Children’s Data For Sale By Government- Price $10K

Nevada dad John Eppolito has been given a $10,000 bill to see his own children’s school files containing the data collected by the state.

“The problem is that I can’t stop them from collecting the data,” Eppolito told “I just wanted to know what it [collected data] was. It almost seems impossible. Certainly $10,000 is enough reason to prevent a parent from getting the data.”

Folks, thats ten-thousand-dollars for a state employee to pull those files and make copies. Is the government collecting that much data, or did they put the most expensive, tenured state employee on the job? Or is it simply that the government doesn’t want the average parent to have access to the data collected on their children?

“This data is for everyone except the parents. It’s wrong,” said Eppolito to Fox News (Read the rest of the interview here).

Federal privacy laws have been changed (FERPA) to allow the government to share and sell our children’s data, not only to other government entities, but private domestic and international education firms.
Are companies like Pearson and InBloom paying ten grand a head for that information? Doubtful. If so, those textbook prices will be sky rocketing in the near future.

Now, this discussion is just about the government price tag of re-selling our children’s personally identifiable private information.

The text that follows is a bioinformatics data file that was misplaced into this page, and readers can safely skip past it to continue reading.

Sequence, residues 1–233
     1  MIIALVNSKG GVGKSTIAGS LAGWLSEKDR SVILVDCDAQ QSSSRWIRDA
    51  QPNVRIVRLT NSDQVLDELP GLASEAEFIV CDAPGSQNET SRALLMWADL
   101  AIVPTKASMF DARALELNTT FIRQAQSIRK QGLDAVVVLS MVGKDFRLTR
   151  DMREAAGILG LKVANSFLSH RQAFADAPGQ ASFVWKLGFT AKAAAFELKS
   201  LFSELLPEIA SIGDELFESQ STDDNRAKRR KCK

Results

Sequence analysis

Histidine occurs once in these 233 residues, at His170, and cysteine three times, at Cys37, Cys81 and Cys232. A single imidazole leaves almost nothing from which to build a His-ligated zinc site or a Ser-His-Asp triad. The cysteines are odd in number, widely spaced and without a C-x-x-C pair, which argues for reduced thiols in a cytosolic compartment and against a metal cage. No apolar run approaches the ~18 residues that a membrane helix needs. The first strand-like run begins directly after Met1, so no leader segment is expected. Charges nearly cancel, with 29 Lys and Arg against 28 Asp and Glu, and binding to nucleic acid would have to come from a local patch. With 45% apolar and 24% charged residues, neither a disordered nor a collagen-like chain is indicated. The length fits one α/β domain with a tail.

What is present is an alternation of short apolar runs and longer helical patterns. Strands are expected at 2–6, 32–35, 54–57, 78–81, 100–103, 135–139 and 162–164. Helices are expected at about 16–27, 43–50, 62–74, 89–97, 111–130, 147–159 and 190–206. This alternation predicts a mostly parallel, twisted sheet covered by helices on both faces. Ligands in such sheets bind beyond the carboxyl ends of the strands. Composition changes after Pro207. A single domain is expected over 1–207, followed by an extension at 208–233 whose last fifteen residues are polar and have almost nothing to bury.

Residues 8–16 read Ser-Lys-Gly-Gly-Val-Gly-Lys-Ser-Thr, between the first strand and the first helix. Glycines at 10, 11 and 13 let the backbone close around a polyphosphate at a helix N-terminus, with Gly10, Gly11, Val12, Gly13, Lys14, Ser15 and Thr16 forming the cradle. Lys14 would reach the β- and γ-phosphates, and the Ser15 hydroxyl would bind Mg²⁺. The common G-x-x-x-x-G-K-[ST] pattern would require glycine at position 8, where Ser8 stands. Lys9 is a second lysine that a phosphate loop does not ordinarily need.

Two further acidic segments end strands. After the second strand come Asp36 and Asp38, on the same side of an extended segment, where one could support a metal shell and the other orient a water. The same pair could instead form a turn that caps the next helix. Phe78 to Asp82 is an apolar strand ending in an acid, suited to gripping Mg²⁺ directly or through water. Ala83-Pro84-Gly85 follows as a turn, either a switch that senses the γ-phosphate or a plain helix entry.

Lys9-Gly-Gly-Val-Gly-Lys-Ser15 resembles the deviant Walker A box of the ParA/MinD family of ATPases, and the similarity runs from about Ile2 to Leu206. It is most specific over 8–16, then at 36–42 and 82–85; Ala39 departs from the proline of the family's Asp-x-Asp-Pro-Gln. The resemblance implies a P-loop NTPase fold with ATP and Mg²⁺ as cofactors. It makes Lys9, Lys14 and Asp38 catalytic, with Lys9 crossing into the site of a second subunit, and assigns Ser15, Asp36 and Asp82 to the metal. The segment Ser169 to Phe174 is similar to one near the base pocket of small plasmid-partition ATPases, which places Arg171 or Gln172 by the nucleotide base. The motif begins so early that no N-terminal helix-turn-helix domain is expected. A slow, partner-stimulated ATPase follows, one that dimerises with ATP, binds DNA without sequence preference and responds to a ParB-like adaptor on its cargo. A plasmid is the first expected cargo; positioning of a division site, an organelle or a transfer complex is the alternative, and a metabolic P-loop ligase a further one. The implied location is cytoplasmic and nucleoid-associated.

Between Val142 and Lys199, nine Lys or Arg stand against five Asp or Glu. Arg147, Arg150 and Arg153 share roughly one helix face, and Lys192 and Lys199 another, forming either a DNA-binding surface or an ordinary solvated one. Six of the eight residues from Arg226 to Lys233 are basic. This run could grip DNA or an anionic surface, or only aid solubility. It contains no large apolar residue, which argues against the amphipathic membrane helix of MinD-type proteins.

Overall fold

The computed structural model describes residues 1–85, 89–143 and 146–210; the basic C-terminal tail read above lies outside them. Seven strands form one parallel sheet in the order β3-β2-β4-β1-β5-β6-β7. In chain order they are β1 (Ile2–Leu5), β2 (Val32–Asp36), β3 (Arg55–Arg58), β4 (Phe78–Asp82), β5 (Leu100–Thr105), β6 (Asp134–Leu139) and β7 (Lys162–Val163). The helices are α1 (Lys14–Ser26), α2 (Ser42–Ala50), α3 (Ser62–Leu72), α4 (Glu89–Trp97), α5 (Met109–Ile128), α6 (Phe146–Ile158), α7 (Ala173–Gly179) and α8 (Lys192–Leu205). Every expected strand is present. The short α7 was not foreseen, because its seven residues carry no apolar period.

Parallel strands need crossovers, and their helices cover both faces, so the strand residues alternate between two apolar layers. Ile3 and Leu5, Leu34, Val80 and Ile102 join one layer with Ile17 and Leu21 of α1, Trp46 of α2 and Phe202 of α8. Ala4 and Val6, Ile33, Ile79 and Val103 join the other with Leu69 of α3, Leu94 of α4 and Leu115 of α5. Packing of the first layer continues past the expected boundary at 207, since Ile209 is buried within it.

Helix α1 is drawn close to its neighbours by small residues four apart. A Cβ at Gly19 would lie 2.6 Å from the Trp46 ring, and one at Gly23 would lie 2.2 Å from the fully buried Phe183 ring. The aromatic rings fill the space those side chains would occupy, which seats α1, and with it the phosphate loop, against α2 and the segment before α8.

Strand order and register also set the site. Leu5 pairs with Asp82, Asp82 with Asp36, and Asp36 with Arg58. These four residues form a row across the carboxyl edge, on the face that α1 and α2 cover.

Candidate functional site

Perhaps the more ominous questions are which international companies are we talking about, and; what are their incentive purposes for attaining such intelligence?

Karin Piper

Colorado PolitiChick Karin Piper is an award winning author and transparency expert specializing in education and union transparency. She provides policy tools necessary for parents, union memberis, teachers and decision makers to become informed consumers in the educational marketplace. She also serves as executive director of, an organization she helped found, and works with various other non-partisan likeminded organizations. Karin was a finalist for OGI's 2012 Burke-Carr Public Interest Awards and nominated as candidate for Charter School Friend of the Year in 2009. Her knowledge of state and federal open records laws and tireless advocacy for open union negotiations has been featured by major media outlets across the nation. Her debut book, CHARTER SCHOOLS: The Ultimate Handbook for Parents, was awarded a 2009 finalist in best books for parenting and education, by USA Book News and appeared in bookstores around the world. Born and raised in Sweden, she lives in Douglas County, Colorado, the epicenter of education reform. Karin is a frequently sought as a parental voice and expert opinion in response to much of today's political edu-rhetoric and legislation proposals. She has been interviewed by many news outlets, including CBS, NBC, KNUS, EdNews, Denver Post, Los Angeles Times, and many others.

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